Wednesday, October 20, 2021

How Porridge Can Help You Strengthen Your Immunity During the Spring Season

Porridge is renowned in traditional Chinese medicine (TCM) for its nourishing properties. The famous Chinese physician Sun Simiao said: “The superior doctor should first adjust the patient’s diet and lifestyle.”

In TCM, pathogen properties like wind, heat, and dampness are considered to be physical influencing factors, which if allowed to accumulate too much, can affect the balance of qi flow in a certain area of the body, eventually leading to physical issues.

Porridge is the perfect aid to dispel dampness through the stomach and help replenish yang qi in the body.

At the end of this article, you will find a delicious porridge recipe.  

Effect of seasons on the human body

During the rainy season, the human body is more susceptible to wind and cold.

After three months of winter, vegetation begins to revive as nature’s call into the sunny season grows louder, month by month. The body’s metabolism corresponds to the seasons and slows down during the cold season. As a result, the body’s resistance in certain aspects is lower, relative to other seasons.

As spring approaches, the body’s yang qi increases, and pores all over the body open slightly. As a result, at the end of winter and during spring, whenever it rains and the moisture is mixed with the cold wind, the yang qi in the body is diminished.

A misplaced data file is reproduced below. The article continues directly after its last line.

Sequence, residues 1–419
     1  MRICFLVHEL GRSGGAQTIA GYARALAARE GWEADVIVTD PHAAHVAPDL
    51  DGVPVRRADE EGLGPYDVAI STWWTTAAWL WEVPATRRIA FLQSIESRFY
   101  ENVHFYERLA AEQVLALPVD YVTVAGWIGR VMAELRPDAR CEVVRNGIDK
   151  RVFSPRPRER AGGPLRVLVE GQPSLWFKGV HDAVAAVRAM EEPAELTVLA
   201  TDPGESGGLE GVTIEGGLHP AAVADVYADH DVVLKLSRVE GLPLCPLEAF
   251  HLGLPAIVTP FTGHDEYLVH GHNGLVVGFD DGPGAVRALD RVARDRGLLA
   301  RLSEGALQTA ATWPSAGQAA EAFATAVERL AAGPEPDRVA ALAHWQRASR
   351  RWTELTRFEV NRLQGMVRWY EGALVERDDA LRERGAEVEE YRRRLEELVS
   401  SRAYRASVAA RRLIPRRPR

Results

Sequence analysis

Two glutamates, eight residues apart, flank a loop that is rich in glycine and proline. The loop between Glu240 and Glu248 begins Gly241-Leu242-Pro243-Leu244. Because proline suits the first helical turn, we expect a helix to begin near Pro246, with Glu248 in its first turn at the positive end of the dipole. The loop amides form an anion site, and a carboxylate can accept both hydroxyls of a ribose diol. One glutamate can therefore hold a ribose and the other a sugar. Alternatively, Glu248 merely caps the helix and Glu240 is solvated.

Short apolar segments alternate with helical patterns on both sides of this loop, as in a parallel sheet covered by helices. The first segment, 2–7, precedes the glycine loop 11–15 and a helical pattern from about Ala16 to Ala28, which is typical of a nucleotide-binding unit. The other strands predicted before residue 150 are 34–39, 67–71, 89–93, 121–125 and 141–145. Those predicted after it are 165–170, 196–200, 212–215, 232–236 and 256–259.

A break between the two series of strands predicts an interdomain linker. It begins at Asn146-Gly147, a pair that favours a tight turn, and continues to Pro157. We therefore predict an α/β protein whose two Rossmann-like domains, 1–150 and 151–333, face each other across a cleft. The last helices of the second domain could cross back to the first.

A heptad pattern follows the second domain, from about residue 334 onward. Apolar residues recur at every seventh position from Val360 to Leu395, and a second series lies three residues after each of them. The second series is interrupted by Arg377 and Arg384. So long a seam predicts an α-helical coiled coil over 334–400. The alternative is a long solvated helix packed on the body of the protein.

In response, a little bit of wind and cold can easily cause old diseases to relapse. Also, because the pores are open, the body’s moisturizing layer evaporates much faster. The result is a dry mouth, dry skin, and itching that often occur more frequently during the months after winter.

There is a difference between moisture and dampness. Think of it like this: You apply moisturizing cream to your skin so it doesn’t dry out and develop cracks. However, think about when your T-shirt gets wet. That wet area would be considered to be damp. If you ever got caught in the rain on your way to school, office, or home, you will know how a damp shirt, mixed with the cold air of an open window or air conditioner, can quickly lead to a cold or cough, even in summer. That is dampness.

In the time where the body is most vulnerable due to its open pores, it is more prone to drawing in and collecting extra moisture and cold, just like a T-shirt when it gets wet in the rain.

Three women caught in the rain. During the rainy days of spring, even though it may be warmer, it is essential to protect the body from dampness and cold. (Image: via Pikrepo)

Porridge can dispel dampness

Changing your diet and lifestyle has a huge impact on health. It is very evident in TCM how closely nutrition and lifestyle are connected to physical and mental health.

During the rainy season, you can maintain your health by the following four essential nutritional points:

1. Get rid of dampness and nourish the spleen

In general, during the rainy season, the main objective of one‘s diet is to “eat sweeter and less sour, to nourish the spleen’s qi.”

To achieve this goal, TCM recommends porridge. It improves the stomach’s peristaltic function and helps remove dampness and excess mucus.

Porridge invigorates the stomach and spleen, expelling dampness, and ultimately helps you to lose weight. Beyond that, it promotes yang qi and warms the body.